I received this letter from GSU student Kiana Nicholas, a film/video and journalism/public relations double major. Proving that she has learned something about effective PR, Kiana is taking her disagreement with Georgia State University to the public square. (She is president of the Public Relations Student Society of America. )
Her issue: She will graduate in the fall, and Georgia State has decided against a college-wide commencement ceremony for students graduating mid-year. Instead, fall 2012 graduates will have to wait and walk with spring 2013 grads in a joint ceremony. (Students will still graduate; it is the commencement that is delayed.)
A Georgia State spokeswoman told me this morning that the university’s goal was to raise the profile and fanfare of the spring event. The school is also hamstrung because it has no facility large enough for a commencement crowd so it had been forced to secure massive venues for ceremonies twice a year, not an easy task in downtown Atlanta.
The official statement from GSU is:
The decision to go to one commencement ceremony was given significant consideration. It is our sincere hope that the plan will make our spring commencement an even bigger and more exciting affair. Our commencement office is currently reaching out to students who will be affected by the change and offering them alternative solutions.
Degrees will continue to be conferred three times during an academic year. The academic colleges hold individual convocations prior to the end of a term for their degree candidates, which most students prefer to attend. The college ceremonies are more personalized and intimate, with students celebrating with other students in their academic discipline and with faculty and staff from their college.
As someone who didn’t attend her college or grad school commencements, I am probably in the minority here. I have little enthusiasm for the pomp and circumstance of stadium-size gatherings. This decision would not faze me. But I know that many graduates love the commencement extravaganza and invite dozens of relatives.
Is it fair to ask GSU grads to wait five months since many of them may be elsewhere by then and miss the big event?
Here is Kiana’s letter:
Did you hear that Georgia State University has cancelled its fall commencement ceremonies? This has left thousands of future fall graduates like me without a proper graduation ceremony celebrating his or her four years of success. And how did students find out: a message on the commencement website and a story by WSB-TV.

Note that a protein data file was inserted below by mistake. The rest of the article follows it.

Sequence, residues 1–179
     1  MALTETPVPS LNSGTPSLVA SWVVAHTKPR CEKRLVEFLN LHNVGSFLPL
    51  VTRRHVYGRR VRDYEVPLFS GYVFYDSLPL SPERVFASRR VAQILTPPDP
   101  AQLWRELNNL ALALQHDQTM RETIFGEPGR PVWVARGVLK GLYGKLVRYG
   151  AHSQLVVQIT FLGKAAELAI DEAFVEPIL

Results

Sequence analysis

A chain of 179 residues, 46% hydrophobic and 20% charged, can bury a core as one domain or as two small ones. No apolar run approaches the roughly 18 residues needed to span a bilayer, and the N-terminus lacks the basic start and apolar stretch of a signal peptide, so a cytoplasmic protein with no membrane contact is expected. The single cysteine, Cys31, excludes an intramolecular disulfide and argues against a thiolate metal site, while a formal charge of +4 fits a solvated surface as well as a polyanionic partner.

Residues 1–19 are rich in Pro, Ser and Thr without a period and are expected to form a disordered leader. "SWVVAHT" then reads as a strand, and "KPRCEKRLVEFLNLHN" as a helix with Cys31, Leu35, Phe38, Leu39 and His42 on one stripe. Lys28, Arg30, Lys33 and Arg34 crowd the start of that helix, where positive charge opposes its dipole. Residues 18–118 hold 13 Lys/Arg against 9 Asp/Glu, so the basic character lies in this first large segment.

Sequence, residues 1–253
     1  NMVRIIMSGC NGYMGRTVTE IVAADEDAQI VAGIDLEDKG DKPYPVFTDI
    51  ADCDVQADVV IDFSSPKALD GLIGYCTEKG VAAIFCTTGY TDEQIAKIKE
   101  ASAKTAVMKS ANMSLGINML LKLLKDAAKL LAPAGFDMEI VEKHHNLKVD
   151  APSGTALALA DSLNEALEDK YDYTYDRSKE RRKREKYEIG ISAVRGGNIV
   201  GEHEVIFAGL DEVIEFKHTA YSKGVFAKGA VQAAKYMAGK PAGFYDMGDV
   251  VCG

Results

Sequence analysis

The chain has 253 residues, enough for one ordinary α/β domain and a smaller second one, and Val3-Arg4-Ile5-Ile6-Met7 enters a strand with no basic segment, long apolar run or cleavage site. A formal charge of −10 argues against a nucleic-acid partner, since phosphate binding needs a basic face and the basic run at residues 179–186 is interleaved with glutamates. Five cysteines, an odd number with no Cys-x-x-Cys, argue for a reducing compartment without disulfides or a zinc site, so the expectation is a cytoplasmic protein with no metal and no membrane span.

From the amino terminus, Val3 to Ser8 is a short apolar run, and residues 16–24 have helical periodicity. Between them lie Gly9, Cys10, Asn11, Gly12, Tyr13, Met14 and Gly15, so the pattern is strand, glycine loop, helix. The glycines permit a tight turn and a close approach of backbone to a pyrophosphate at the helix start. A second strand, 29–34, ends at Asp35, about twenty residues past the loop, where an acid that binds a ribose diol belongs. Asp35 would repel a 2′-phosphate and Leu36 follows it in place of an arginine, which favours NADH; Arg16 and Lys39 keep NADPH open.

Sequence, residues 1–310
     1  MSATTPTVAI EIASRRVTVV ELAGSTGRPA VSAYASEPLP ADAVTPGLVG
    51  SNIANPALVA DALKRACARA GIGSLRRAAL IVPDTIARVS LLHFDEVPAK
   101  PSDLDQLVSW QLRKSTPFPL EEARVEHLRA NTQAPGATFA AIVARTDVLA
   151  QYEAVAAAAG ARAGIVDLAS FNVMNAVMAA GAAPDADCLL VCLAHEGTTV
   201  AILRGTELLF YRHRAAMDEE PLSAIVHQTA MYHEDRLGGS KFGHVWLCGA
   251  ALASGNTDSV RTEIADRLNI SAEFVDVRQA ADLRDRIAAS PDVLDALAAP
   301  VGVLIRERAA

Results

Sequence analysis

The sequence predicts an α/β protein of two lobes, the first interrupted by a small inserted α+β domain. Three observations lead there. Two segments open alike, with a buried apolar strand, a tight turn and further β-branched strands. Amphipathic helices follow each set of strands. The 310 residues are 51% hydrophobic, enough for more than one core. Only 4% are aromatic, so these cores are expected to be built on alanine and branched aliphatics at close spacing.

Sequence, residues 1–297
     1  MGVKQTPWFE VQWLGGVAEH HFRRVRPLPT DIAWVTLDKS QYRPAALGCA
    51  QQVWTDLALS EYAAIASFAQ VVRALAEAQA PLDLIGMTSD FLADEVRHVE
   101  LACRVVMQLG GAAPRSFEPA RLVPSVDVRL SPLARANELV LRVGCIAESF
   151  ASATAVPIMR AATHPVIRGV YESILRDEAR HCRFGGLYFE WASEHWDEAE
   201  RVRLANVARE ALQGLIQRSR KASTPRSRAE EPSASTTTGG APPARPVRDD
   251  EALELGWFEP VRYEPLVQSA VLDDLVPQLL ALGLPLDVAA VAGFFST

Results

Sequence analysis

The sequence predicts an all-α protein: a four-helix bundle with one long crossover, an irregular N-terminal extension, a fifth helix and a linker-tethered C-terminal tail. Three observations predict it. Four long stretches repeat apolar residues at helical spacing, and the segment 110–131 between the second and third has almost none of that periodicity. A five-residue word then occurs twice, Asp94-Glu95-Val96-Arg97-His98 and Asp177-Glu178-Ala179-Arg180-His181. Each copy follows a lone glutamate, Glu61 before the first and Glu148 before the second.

Students, parents and even alumni cannot believe it and are outraged by the university’s decision and secrecy. According to WSB-TV, university officials refused to comment fully, only saying that the decision was because of the difficulty of scheduling a ceremony around the Falcons football schedule at the dome (and the subsequent $500,000 price tag). But aren’t the fall ceremonies held on Wednesdays?
And isn’t Atlanta filled with alternative, less expensive venues? Even the GSU Sports Arena can hold 3,500 plus in the stands and even more when you count the floor (which I read in an AJC article)!
After four years or more of paying almost $8,000 a semester in tuition, housing, fees and more, students are absolutely entitled to a graduation ceremony and should not be forced to wait five months to walk. Do you know where you will be five months from now?
Students can easily be out-of-state or even the country (just ask the international students). Besides providing a quality education, a commencement ceremony should be at the top of any university’s priority list. Just ask UGA, Georgia Tech and any other Georgia university which offers Fall, Spring and even Summer commencement ceremonies.
With over 33,000 students attending Georgia State University, it is hard to imagine having one commencement. The university says that students can go to the individual college convocation instead. There is no comparison between the two. One is small, not as formal and not as memorable. The other brings together all students, faculty, alumni and university to celebrate years of hard work and accomplishment. All students want is a commencement where the president and university leaders stand on the stage, look at each student in his or her cap and gown, and say “thank you” and “congratulations for all your hard work and success.”
This is especially true for Fall 2012 graduates. When we entered school in 2008-09, it was right before the economic downturn and the recession that rocked this nation to its core. Throughout the years, fall 2012 graduates saw parents lose their jobs, tuition and fees increase and fewer courses offered. We even saw friends drop out left and right due to the financial hardship.
However, we did not waver. We continued with our education and are less than a year away from earning our degrees. Instead of looking forward to receiving our diplomas and celebrating our accomplishments, our university informs us that we will not have a commencement; that the university will not bring all graduates together and recognize our achievements.
–From Maureen Downey, for the AJC Get Schooled blog